Friday, March 23, 2012

For every person who wants to teach...

For every person who wants to teach
 there are approximately thirty people 
who don't want to learn much. 
~ W. C. Stellar

In an attempt to keep thoughts of work from taking over this blog, work is not often the topic.... but it's probably time for a little update.

Schedule this semester? Fantastic. Classes this week? Eh. After several semesters of working with more or less the same students, change struck. This is not necessarily a bad thing, as it's good for students to learn from other instructors: their methods- or lack of, different accents, etc, and it's good for a teacher to see fresh faces. That said, I miss them! Now there is a whole new group of personalities to get used to (almost identical names though, haha).

My students are not always Ukrainians. It's probably not surprising since Kharkov is a city of international students. My favorite (foreign) students are those from the middle east. They tend to be extremely polite and good natured. This semester I've even got students from middle-eastern countries I can hardly find on the map. Hopefully they'll be as easy-going as the Iraqi and Jordanian students. And also this semester... a couple of students from my not favorite country. Which I'll keep secret for now. But my absolute least favorite country? The country of sullen adolescent boys. Unfortunately several of them somehow immigrated to my classes. There's no way to please them, because apparently nothing can be as cool as sitting there with a pained look on your face. Like a little mushroom. I would just love. to. deport. them. back to wherever they came from.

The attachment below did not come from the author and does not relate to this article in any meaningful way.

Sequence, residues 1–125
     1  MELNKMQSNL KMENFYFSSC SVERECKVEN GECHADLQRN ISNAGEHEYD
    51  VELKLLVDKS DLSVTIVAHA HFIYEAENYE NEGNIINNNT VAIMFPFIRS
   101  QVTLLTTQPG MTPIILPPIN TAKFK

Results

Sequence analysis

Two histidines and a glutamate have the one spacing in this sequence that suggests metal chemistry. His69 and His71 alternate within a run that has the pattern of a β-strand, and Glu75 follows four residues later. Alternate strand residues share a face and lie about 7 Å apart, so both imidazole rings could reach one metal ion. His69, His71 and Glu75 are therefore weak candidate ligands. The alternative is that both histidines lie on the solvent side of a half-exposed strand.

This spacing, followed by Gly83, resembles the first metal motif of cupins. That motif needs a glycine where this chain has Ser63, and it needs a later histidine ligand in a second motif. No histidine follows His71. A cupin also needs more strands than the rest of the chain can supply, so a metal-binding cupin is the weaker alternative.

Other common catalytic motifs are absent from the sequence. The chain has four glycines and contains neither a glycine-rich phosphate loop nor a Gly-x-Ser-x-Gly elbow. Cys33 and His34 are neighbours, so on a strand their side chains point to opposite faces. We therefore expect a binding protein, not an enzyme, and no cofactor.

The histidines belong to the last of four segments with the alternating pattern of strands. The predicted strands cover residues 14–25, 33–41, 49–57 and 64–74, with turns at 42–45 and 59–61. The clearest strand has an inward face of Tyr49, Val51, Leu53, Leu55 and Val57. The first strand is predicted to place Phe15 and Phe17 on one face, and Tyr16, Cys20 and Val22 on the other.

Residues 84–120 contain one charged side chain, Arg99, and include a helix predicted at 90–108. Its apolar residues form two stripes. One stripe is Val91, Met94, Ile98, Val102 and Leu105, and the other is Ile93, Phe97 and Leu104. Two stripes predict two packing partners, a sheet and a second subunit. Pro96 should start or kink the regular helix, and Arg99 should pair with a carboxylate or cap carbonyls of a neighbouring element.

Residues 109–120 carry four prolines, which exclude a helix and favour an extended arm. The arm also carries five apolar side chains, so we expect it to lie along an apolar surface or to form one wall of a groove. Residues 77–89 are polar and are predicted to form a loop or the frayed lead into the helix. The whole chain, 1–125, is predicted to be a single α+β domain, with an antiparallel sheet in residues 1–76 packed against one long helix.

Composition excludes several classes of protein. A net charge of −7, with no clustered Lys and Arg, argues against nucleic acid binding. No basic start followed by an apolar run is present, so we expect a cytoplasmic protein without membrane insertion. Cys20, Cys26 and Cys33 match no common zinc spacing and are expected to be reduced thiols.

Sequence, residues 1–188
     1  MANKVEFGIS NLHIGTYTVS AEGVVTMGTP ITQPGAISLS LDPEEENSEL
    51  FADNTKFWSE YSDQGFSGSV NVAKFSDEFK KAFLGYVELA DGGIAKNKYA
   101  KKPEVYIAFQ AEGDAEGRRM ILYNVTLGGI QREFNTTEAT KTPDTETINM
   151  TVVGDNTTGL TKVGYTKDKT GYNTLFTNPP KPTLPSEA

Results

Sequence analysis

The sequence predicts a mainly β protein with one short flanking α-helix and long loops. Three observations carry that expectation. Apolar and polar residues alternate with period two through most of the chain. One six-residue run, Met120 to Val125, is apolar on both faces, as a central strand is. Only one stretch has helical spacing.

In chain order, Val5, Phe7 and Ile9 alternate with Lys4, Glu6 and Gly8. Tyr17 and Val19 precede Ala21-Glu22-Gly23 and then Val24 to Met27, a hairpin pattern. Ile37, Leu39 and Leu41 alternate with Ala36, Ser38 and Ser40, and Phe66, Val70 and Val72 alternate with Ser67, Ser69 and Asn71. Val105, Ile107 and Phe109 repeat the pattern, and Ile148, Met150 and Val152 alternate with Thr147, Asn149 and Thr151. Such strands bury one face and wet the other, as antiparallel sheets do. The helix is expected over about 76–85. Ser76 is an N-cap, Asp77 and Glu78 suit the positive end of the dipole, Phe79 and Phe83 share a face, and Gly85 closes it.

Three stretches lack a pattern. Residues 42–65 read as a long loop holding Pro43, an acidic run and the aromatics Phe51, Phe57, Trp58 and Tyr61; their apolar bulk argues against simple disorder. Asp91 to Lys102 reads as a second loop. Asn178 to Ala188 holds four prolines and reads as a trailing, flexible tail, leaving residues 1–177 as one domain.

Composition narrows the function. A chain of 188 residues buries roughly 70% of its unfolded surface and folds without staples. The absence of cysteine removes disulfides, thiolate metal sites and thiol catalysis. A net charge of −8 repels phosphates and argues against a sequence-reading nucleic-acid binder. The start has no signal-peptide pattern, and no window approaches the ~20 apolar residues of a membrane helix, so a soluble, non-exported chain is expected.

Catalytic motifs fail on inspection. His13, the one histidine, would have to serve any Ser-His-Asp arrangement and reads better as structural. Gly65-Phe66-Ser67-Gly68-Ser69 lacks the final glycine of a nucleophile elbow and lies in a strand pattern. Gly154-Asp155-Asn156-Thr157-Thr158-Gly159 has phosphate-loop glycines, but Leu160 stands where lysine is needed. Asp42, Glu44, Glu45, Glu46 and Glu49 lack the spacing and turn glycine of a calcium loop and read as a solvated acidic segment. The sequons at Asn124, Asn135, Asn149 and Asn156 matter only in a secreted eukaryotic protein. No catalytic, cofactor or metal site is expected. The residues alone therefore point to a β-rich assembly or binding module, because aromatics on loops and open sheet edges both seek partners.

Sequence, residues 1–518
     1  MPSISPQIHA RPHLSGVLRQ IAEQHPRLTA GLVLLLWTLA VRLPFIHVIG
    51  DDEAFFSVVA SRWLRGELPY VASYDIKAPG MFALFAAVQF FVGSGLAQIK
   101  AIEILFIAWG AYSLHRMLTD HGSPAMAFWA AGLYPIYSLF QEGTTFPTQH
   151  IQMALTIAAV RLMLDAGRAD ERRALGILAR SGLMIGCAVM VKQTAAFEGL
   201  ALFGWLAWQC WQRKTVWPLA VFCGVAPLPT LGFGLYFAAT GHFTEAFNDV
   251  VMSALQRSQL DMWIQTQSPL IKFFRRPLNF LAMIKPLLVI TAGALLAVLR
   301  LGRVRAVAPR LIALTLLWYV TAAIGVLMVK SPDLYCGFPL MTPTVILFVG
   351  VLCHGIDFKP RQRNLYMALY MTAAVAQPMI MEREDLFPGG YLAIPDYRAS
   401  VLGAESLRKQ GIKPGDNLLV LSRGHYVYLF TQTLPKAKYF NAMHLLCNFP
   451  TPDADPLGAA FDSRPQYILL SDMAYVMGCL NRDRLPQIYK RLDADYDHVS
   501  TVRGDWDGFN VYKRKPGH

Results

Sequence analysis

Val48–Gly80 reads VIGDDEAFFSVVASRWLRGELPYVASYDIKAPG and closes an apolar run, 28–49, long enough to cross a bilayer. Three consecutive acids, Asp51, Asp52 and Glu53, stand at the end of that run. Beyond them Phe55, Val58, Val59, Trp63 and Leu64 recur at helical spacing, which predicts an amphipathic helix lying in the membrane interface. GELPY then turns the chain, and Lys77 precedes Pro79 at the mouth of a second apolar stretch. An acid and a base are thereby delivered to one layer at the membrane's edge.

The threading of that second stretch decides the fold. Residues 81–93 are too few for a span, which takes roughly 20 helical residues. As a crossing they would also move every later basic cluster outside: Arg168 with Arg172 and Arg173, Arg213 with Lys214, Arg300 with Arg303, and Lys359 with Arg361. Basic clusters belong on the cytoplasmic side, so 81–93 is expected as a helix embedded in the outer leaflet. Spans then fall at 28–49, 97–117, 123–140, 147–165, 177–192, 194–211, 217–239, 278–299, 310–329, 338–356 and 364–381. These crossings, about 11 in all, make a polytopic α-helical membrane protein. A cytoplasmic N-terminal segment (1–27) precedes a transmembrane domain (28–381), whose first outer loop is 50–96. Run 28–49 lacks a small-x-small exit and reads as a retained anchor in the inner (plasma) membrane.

Only once in my teaching career have I ever had to give an ultimatum to a class (to the gremlins of chaos, I mean, a classroom of 7-year-olds in Yakutsk). Today, though, I almost went there again. Or maybe actually did. Why do people come to class if they don't want to be there? What happened to the good old days of skipping class?

The only thing to do? Come home and read the newly-Kindled Prisoner of Wonderland. If you want a horror story.... here's someone who had fairly realistic TEFL expectations and lots of promises from the school but lived through a nightmare. If you want to teach English abroad, this + some English Teacher X = as forewarned as you will ever be. Hope for the best and expect the worst, all that good stuff. Another entertaining read is Yes China! An English Teacher's Love-Hate Relationship with a Foreign Country. I haven't finished it yet but stories about classrooms of hyperactive grabby children always makes me glad to teach adults. It's safe to say that most of them don't bite :p


  1. I share you feelings Katya, although I do not teach English. My students can sometimes be argumentative and in those moments I feel like I have to be the spokesperson for the company. I've only had a few incidents, and when someone is very new to the company I give my little speech that every day when they come to work they are interviewing for the job, or the job they want to get in their lifetime with the company. The hard ones are the employees who have been there forever, are old enough to be my parent and in their dissatisfaction they are unwilling to accept change of any sort and all of my words and desire to teach them and share information feel wasted.

    1. Thanks for your comment, Vesna. That's a great thing to remember- "every day when they come to work they are interviewing for the job, or the job they want to get in their lifetime with the company." It's easy to forget that in the daily grind.